How Airlines Combated Human Trafficking at Super Bowl

Modern day slavery? It exists.

With the passing of one of the biggest sporting events of the year, federal officials worked with the travel industry and transportation providers to combat human trafficking. Because of the large influx of visitors to a specific location, human traffickers see major sporting events such the Super Bowl as an opportunity to slip in international or even domestic adults and children.

So, what impact do airports and airlines have and how can they create more awareness to combat this crime?

Many victims are transported from place to place on commercial planes, in plain sight. Therefore, there is a growing concern for airlines to get involved. Flight attendants play key roles because they are trained to help identify and rescue victims of human trafficking by looking for indicators. Some red flags include travelers who do not seem to know where they are headed, children who are traveling with adults who are not their parents, and passports from different countries. While providing friendly customer service, attendants can gather information without being made.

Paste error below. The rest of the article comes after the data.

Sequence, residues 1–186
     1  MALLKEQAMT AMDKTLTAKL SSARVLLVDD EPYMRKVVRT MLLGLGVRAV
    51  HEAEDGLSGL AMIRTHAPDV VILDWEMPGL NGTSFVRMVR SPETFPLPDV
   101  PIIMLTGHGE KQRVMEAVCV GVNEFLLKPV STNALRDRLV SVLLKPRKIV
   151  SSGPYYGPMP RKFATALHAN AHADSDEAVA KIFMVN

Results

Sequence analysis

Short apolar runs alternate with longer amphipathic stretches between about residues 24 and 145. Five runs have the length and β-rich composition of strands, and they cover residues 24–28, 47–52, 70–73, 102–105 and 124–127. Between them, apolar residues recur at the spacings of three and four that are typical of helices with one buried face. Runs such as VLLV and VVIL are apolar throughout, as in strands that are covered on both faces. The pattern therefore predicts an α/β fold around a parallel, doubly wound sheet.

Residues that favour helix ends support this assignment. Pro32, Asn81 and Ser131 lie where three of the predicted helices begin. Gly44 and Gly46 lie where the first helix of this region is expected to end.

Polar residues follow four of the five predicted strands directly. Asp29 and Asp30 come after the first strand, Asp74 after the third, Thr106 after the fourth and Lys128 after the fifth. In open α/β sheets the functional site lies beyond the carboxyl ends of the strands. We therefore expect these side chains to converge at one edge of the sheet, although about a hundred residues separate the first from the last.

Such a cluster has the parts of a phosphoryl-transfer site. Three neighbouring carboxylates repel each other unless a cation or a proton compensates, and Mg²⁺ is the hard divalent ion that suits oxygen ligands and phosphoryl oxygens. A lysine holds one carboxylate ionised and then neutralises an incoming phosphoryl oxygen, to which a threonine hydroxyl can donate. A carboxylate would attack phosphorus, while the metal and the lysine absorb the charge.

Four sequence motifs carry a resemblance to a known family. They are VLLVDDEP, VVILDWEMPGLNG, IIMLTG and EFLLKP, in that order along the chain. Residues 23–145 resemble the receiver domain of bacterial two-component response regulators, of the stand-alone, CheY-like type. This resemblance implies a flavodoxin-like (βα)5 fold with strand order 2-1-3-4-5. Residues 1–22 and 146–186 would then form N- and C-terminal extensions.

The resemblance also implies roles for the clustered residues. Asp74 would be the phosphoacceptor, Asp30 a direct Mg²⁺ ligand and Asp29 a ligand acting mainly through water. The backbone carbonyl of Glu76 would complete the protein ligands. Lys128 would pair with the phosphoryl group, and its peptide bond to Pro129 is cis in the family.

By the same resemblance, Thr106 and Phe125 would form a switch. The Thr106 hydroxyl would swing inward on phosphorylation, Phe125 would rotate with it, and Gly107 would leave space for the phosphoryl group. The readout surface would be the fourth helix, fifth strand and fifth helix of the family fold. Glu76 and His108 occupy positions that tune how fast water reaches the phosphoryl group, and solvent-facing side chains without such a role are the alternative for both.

San Francisco International Airport was the first airport to train its staff to recognize human trafficking.

Last fall, Delta Air Lines was the first carrier to implement an anti-human trafficking training program.

Some airlines do not mention human trafficking in training because it may reflect badly on their brands. However, I strongly believe in the exact opposite. Doing so will not only be beneficial for combating this crime, but also for an airline’s public relations.

Hopefully with the combined effort of air travel and other transportation providers, we will no longer have to label the Super Bowl as the largest human trafficking event in the future.

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